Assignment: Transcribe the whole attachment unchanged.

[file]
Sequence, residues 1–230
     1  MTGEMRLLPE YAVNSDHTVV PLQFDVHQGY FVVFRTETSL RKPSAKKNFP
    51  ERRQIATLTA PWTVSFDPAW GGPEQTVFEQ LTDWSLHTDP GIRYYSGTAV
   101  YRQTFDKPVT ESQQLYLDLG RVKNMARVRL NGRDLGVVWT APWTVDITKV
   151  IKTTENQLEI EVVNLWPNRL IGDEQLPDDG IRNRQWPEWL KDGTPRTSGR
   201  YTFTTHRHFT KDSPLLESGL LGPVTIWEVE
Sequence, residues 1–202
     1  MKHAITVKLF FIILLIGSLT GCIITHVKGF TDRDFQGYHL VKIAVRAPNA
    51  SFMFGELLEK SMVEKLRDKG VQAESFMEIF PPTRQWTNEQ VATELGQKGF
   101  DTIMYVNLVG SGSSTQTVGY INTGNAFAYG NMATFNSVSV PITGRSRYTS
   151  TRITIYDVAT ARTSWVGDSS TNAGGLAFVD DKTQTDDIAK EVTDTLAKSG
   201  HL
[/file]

Sequence, residues 1–230
     1  MTGEMRLLPE YAVNSDHTVV PLQFDVHQGY FVVFRTETSL RKPSAKKNFP
    51  ERRQIATLTA PWTVSFDPAW GGPEQTVFEQ LTDWSLHTDP GIRYYSGTAV
   101  YRQTFDKPVT ESQQLYLDLG RVKNMARVRL NGRDLGVVWT APWTVDITKV
   151  IKTTENQLEI EVVNLWPNRL IGDEQLPDDG IRNRQWPEWL KDGTPRTSGR
   201  YTFTTHRHFT KDSPLLESGL LGPVTIWEVE
Sequence, residues 1–202
     1  MKHAITVKLF FIILLIGSLT GCIITHVKGF TDRDFQGYHL VKIAVRAPNA
    51  SFMFGELLEK SMVEKLRDKG VQAESFMEIF PPTRQWTNEQ VATELGQKGF
   101  DTIMYVNLVG SGSSTQTVGY INTGNAFAYG NMATFNSVSV PITGRSRYTS
   151  TRITIYDVAT ARTSWVGDSS TNAGGLAFVD DKTQTDDIAK EVTDTLAKSG
   201  HL